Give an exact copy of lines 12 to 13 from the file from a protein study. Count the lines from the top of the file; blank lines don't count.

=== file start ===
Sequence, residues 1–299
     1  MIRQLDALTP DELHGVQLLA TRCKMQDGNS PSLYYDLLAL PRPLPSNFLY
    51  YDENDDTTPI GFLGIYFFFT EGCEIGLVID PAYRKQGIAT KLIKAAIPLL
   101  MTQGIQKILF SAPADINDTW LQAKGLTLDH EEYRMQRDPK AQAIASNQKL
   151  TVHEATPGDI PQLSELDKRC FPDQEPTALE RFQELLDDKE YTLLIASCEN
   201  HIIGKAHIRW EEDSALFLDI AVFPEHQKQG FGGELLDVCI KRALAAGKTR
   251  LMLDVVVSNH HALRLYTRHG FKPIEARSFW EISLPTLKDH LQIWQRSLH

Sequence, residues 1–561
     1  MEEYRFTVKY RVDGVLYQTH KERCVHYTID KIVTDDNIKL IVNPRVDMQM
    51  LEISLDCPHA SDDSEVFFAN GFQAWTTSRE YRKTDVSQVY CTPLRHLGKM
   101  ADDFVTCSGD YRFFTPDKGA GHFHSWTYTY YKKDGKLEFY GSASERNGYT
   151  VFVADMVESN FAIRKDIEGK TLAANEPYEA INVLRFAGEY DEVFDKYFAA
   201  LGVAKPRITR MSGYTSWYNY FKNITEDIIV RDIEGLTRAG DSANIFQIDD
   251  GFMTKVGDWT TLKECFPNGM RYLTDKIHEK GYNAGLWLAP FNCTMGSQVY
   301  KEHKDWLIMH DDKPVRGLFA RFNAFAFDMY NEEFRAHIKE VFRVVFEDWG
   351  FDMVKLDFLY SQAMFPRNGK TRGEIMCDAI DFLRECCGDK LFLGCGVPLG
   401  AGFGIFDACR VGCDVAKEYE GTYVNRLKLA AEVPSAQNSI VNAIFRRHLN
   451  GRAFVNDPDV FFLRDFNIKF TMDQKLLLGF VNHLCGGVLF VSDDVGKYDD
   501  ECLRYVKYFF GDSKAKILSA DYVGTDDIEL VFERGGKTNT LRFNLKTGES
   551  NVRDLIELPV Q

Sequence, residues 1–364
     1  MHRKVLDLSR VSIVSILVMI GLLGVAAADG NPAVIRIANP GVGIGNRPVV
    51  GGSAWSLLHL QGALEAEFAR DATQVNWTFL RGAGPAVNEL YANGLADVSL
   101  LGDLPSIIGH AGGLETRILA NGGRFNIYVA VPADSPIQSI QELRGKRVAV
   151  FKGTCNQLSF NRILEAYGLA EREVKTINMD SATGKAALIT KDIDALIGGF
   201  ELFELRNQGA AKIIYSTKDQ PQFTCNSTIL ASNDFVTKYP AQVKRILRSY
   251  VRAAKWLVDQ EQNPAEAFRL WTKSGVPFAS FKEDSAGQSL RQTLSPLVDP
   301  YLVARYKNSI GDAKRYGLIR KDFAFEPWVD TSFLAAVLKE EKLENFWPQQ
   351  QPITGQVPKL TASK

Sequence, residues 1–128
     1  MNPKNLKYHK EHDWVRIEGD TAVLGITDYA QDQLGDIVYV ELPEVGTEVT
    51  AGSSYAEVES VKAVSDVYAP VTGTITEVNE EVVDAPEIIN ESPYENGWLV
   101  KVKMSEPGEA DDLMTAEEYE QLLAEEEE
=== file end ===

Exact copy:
   151  VFVADMVESN FAIRKDIEGK TLAANEPYEA INVLRFAGEY DEVFDKYFAA
   201  LGVAKPRITR MSGYTSWYNY FKNITEDIIV RDIEGLTRAG DSANIFQIDD